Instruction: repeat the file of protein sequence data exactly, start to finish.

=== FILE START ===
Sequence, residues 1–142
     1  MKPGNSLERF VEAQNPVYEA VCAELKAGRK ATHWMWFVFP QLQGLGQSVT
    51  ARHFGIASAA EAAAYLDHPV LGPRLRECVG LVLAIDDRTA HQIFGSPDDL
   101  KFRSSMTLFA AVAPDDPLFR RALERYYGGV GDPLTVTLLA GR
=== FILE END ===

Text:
Sequence, residues 1–142
     1  MKPGNSLERF VEAQNPVYEA VCAELKAGRK ATHWMWFVFP QLQGLGQSVT
    51  ARHFGIASAA EAAAYLDHPV LGPRLRECVG LVLAIDDRTA HQIFGSPDDL
   101  KFRSSMTLFA AVAPDDPLFR RALERYYGGV GDPLTVTLLA GR